I remember the monthly Meetings of Members of the 1980s and how much I looked forward to them. I was a young lawyer and I felt like the new kid in school at those meetings, but somehow I knew it was important to be there and to mingle. Every lawyer in town was at the monthly meetings. The only way I would get over my nervousness was to jump in and meet as many lawyers as I could so I’d be one of the “in crowd” soon. Times have changed in so many ways. Now I’m the president of the preeminent metropolitan bar association in the country (and now I’m not even sure who the “in crowd” is!).
We haven’t held monthly Meetings of Members in a long time. Lawyers’ offices are dispersed more widely now and a trip downtown from another county doesn’t make sense. Clients demand immediate service, so time away from one’s practice can be costly. Social media has replaced face-to-face conversations. Lunchtime speakers’ messages can be heard on blogs, e-news and online CLEs.
I still push back on the statement that there’s little value in gathering as a professional group. I know from personal experience that the best clients come from referrals from other lawyers. When someone sees you and has a worthwhile conversation, you come to mind as someone to whom to refer business. While “Indianapolis” lawyers’ offices are no longer exclusively downtown, trips to the courthouse can be planned to coincide with some camaraderie. Matters can come up in casual conversation that afford the chance to learn something new and sometimes even solve a client problem or settle a case. The groundwork for future opportunities is laid in face-to-face meetings. It’s unknowable what can come out of making a new acquaintance, only to be revealed sometimes years later.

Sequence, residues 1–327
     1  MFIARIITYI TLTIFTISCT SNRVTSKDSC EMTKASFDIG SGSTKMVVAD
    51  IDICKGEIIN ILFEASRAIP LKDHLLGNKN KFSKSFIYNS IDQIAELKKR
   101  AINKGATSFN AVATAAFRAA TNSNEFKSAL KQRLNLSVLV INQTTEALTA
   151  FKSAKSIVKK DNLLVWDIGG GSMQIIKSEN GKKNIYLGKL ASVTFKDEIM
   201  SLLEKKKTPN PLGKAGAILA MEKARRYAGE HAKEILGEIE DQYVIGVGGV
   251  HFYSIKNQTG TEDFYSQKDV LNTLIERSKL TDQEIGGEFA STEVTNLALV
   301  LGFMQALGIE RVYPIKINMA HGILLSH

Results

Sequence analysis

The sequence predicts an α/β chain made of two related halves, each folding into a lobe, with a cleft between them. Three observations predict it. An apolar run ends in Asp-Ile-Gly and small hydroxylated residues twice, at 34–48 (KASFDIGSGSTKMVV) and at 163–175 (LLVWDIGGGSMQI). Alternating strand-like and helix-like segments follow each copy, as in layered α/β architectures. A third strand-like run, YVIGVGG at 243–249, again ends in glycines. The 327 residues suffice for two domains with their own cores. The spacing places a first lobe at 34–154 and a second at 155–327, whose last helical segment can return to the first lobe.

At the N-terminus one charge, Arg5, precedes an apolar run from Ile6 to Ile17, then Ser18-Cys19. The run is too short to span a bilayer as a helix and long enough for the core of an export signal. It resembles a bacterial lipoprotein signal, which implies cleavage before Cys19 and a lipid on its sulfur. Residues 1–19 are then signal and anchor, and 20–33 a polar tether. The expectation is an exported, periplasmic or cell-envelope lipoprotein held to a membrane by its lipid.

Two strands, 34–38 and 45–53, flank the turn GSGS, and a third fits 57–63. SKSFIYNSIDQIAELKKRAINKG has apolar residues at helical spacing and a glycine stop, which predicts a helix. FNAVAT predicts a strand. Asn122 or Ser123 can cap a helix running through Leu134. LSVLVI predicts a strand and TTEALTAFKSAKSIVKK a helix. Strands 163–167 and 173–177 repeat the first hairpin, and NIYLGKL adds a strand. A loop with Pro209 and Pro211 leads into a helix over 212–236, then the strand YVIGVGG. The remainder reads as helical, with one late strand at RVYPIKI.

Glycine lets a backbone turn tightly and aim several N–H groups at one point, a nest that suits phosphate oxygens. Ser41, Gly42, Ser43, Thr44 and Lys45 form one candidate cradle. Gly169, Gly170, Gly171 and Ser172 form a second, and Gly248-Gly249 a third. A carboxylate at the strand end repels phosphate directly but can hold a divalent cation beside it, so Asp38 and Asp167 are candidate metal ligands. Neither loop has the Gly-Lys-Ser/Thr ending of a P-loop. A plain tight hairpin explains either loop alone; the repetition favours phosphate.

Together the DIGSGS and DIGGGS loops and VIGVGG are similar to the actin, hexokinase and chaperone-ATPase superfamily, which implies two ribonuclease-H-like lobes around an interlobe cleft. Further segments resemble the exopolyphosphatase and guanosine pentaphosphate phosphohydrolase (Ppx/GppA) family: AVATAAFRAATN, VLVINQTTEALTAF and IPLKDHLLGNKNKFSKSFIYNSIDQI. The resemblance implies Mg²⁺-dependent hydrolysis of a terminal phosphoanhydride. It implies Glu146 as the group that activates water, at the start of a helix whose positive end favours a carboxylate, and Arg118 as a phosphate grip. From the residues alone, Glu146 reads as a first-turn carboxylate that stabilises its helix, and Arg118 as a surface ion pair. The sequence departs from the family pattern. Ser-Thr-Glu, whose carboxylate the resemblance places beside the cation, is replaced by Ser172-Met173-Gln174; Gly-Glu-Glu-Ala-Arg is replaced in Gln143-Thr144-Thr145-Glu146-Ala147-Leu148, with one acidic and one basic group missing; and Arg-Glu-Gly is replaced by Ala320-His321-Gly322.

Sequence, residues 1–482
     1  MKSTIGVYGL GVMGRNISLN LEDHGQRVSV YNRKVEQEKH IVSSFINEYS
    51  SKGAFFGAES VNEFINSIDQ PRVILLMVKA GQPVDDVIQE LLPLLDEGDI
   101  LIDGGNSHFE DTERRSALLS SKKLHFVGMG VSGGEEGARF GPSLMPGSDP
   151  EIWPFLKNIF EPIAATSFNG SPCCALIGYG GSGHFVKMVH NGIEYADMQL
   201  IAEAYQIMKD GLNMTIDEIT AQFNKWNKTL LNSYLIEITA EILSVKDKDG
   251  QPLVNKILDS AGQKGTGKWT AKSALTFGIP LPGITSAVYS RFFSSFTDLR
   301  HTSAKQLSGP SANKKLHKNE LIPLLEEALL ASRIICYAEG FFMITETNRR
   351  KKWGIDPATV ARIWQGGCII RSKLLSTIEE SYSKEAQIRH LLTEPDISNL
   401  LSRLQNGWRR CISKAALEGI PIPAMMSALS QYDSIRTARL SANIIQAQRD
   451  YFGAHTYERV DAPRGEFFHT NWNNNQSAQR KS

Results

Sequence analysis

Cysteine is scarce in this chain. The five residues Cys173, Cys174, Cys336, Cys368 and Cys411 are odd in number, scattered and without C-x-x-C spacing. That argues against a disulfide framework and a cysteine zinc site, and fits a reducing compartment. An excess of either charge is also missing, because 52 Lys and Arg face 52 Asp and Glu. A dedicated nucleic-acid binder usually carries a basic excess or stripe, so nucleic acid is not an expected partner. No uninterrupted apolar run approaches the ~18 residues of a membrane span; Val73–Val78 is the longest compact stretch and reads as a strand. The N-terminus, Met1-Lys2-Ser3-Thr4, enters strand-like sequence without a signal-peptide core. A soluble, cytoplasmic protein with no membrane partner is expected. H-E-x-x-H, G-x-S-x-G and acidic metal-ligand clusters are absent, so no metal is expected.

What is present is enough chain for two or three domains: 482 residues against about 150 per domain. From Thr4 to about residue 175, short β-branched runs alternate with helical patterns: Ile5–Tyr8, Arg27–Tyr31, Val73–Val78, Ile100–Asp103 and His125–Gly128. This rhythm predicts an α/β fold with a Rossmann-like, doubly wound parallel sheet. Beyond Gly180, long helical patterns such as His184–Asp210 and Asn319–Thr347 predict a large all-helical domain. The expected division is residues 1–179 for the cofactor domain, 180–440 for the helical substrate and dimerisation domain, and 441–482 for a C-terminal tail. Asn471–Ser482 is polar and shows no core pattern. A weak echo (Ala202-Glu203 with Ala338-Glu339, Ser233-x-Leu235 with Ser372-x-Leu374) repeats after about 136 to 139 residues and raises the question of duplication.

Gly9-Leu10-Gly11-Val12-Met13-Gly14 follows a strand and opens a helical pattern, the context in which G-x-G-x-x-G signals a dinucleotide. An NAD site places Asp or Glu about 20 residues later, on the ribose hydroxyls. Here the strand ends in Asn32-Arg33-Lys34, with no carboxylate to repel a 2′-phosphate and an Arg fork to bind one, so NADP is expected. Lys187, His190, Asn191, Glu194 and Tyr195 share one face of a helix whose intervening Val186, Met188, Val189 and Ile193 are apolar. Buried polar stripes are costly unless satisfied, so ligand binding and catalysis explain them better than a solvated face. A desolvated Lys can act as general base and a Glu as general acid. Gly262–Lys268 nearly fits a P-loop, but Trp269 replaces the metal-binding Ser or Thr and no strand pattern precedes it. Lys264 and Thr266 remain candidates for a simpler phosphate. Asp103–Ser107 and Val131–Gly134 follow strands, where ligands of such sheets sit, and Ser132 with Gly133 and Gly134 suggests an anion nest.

Do I sound like I’m resisting change? Actually, I’m not. When the IndyBar leadership held our retreat this fall, we took a teamwork personality assessment and one of the things I learned about myself is that I tend to seek change, just for change’s sake, and that I need to remember others prefer slow or no change. So, this year at the IndyBar, we are working on adapting to the new legal environment, figuring out how we can provide all of the benefits and opportunities a professional association should provide to more members, while maintaining all of the programs that have made our association meaningful and important in the lives of lawyers for the last century.
We’ve got a great “think tank” of younger lawyers figuring out what future lawyers in our community will want and need from their association. It won’t be monthly meetings, but we’ll still have some of those. It won’t be CLEs, but we’ll still have a lot of those. It might be better e-forms, and we already are improving those. It might be more Web presence, and we already provide free online profile design for members joining Indy Lawyer Finder. We’ll certainly provide more assistance electronically. We’ll let you know how these smart young lawyers answer all the questions we’re asking of them, later in the year.
So tune in, don’t tune out. Come visit us at @indybar, facebook.com/indybar, indybar.org or at 135 North Pennsylvania St., Suite 1500. Share your ideas about what we can do for you. We welcome and serve all lawyers — regardless of how you connect with us.•